Government set to ride out storm over definition of mental disorder

Some of the controversial proposals in the draft Mental Health
Bill look set to remain, according to guidance on personality
disorders released by the Department of Health last week.

Although the DoH has said it is reviewing about 2,000 consultation
responses to the draft bill, the guidance states: “The proposed
mental health legislation introduces a generic and inclusive
definition of mental disorder.” The definition is one of the
proposals in the draft bill that has provoked the most opposition
from mental health campaigners.

The definition “will mean that in future people with all forms of
personality disorder including psychopathic disorder can be subject
to compulsion in the same way as those with other forms of mental

It says how the broad definition, the introduction of compulsory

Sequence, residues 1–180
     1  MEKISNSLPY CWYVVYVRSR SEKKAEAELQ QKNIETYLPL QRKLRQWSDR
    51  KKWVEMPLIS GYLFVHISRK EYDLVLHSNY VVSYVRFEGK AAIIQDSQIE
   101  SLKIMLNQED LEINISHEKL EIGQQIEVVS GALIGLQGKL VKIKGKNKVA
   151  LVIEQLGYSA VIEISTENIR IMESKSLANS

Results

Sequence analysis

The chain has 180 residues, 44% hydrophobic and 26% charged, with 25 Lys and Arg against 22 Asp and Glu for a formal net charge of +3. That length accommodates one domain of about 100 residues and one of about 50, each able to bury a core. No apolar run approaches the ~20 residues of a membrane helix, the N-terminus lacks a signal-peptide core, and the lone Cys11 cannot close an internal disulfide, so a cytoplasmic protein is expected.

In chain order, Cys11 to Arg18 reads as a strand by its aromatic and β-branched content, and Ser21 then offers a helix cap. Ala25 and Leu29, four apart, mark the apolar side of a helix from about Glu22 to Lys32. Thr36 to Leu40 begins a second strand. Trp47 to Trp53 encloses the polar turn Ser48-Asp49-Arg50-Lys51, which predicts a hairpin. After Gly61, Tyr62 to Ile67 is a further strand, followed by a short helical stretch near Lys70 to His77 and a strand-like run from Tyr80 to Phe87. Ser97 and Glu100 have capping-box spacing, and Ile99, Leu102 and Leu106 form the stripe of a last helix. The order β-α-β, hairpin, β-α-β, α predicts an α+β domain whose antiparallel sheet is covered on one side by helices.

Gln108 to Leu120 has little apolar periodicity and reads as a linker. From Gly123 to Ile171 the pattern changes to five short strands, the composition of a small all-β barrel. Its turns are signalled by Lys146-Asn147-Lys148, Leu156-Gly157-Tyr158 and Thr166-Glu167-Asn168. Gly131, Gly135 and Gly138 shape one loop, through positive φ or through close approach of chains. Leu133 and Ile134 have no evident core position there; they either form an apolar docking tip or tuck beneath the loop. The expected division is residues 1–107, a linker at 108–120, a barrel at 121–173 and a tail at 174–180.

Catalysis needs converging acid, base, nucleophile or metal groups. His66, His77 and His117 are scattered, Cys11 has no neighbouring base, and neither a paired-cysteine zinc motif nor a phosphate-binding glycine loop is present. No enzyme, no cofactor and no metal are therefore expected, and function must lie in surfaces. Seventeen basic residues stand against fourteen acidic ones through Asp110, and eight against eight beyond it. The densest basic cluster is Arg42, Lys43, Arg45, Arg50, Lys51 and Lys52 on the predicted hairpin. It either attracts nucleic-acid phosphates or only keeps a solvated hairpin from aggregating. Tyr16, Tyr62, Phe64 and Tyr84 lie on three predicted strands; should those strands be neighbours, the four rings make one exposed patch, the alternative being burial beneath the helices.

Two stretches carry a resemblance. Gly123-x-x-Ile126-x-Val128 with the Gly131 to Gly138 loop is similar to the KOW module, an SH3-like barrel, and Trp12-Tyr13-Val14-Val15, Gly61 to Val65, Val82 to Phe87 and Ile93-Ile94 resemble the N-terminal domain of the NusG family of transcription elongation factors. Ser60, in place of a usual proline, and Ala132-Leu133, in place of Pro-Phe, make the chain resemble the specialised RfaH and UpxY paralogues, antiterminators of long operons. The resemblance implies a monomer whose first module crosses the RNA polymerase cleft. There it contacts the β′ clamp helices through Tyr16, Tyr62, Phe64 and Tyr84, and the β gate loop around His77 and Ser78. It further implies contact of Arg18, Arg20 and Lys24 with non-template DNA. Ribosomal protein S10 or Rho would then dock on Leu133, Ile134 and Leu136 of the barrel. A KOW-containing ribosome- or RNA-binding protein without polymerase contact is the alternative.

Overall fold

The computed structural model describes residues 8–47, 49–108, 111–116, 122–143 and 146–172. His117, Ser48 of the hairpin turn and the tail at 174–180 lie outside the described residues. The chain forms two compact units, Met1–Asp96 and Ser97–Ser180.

treatment in the community and the abolition of the treatability
test will “highlight the need for new community and in-patient
services for people with personality disorders”.

“This will place a new emphasis on the assessment and treatment of
personality disorder as part of the legitimate business of mental
health services,” it states.

But Simon Lawton Smith, head of public affairs at the Mental After
Care Association, said:”The way the mental health legislation
chapter of the guidance is drafted suggests it’s all cut and dried.
You’d need to be a pretty optimistic person to believe that there
is going to be any significant change to the proposed inclusive
definition of mental disorder, or to the powers to detain and treat
some people with a personality disorder diagnosis.”

The guidance also highlights how clinicians will need to develop
skills in identifying and assessing personality disorders, with
appropriate training provided.

It says the government is planning personality disorder centres to
assess, treat and manage personality disorders in male offenders,
most of whom will have a primary diagnosis of antisocial
personality disorder. They will take referrals from a range of
places including courts, prisons and general mental health

‘Personality Disorder: No Longer a Diagnosis of Exclusion’ from

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